The baby crows squawk at the sound of wings, their cries becoming frantic. I envision mouths agape in anticipation as the branches dip and sway with parental weight. I remember my daughter, open-mouthed in her high chair, squawking if I wasn’t fast enough with the spoon; the pureed peas and carrots, the applesauce.

Just outside my screened lanai there’s a leprechaun, a hideous little man smoking a pipe, his green top-hat faded by years of the Florida sun, his face blistered with many little cancers. He sits, staring, a judgmental piece of kitsch. I should have lugged his plaster ass to the donation pile when we bought the house, but I’m a bit afraid of him. Like that Talky Tina Doll on The Twilight Zone, he could come back for revenge. I’m already haunted enough. That would send me over the edge.

The lizard’s cachectic presence elicits my sympathy, and I consider trying to catch some bugs for him. His four limbs to the bug’s six add up to a closer kinship, making me want to nudge the odds in his favor.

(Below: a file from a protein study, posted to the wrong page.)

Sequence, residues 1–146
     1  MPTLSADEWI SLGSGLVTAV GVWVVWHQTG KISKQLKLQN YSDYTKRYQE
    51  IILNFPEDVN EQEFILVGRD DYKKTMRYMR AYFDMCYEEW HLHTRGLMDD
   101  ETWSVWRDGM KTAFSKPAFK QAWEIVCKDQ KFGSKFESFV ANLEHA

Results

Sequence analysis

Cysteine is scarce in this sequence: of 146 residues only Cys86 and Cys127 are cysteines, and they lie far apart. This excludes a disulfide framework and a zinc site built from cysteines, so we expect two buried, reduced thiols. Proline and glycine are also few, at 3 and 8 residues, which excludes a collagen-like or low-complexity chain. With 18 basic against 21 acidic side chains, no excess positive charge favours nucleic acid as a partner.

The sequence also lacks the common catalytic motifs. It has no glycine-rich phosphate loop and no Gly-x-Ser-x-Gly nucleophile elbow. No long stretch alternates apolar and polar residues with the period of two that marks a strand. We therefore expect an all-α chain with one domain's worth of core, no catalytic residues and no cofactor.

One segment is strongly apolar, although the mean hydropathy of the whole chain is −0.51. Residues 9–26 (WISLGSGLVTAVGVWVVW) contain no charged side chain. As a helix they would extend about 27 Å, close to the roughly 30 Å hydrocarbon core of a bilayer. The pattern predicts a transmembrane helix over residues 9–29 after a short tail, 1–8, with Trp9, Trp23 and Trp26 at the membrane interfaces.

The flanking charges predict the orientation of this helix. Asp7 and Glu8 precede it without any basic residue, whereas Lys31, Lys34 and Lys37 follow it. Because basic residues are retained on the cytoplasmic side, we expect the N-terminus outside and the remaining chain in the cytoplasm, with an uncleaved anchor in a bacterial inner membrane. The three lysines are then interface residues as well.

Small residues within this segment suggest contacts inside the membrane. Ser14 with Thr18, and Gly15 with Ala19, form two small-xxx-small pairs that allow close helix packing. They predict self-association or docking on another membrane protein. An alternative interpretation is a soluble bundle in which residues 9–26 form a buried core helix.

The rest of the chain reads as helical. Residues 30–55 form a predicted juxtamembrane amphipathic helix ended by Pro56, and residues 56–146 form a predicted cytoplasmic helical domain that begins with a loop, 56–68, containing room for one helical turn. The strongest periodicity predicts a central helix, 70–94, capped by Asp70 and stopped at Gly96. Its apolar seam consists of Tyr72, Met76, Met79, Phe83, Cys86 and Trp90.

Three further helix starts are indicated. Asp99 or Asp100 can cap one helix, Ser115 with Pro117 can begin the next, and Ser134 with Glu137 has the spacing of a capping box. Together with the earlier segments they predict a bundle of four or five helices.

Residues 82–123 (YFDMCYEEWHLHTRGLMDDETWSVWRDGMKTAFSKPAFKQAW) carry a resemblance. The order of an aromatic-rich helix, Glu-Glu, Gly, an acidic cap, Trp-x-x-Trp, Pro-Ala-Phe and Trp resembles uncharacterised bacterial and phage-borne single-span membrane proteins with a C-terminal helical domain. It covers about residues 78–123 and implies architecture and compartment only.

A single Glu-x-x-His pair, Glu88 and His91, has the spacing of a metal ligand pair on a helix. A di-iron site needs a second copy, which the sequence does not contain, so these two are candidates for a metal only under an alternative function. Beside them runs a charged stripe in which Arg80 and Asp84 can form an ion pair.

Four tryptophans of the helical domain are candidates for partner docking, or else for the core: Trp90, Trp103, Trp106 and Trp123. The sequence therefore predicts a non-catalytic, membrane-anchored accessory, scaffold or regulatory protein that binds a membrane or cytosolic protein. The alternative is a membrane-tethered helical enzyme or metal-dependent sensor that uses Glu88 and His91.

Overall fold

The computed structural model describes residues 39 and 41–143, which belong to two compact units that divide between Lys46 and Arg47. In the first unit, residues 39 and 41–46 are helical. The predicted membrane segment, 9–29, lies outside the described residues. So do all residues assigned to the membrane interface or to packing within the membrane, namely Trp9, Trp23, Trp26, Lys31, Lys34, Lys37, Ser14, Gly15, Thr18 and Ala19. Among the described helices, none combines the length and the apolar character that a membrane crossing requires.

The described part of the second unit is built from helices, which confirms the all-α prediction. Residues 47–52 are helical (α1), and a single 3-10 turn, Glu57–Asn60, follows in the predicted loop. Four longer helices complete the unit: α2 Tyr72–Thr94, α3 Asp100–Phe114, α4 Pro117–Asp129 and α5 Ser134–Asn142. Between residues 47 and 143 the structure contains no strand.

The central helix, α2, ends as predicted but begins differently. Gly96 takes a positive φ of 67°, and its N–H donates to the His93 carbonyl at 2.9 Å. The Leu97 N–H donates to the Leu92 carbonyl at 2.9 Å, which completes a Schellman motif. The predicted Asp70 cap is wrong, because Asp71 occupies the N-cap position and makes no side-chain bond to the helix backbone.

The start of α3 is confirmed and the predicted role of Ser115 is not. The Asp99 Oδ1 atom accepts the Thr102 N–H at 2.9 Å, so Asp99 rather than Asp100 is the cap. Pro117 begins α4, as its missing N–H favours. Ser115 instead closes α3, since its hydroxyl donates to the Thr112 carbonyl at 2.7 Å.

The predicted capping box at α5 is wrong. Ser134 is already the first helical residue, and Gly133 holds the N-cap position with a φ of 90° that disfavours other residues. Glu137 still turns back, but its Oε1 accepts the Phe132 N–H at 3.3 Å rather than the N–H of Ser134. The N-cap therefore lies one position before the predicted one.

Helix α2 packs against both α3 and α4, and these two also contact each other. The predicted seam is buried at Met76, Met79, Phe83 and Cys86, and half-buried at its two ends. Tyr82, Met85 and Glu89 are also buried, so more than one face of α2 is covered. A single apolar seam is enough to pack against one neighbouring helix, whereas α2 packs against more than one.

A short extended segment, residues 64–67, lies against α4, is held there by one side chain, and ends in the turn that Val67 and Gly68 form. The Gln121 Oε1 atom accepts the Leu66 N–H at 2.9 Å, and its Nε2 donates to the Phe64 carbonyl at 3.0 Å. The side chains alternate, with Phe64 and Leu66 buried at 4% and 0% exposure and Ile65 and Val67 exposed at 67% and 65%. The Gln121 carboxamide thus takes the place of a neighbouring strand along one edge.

The Adirondack chair is solid and heavy, weighted to its place on the earth. I never took the time to sit here before. There’s always been somewhere to hurry to; anywhere but here with my intrusive, jumbled thoughts. Now the evening news shows endless snaking lines of people waiting to get food in this pandemic while I sit with hungry birds and ravenous reptiles wondering how I can help. Weltschmerz, the world’s sorrow, comes in like a storm cloud, casting its dismal shadow over my garden. I bow to it, powerless in its magnitude, literally feeling the weight of it cause my shoulders to slump and my heart to ache.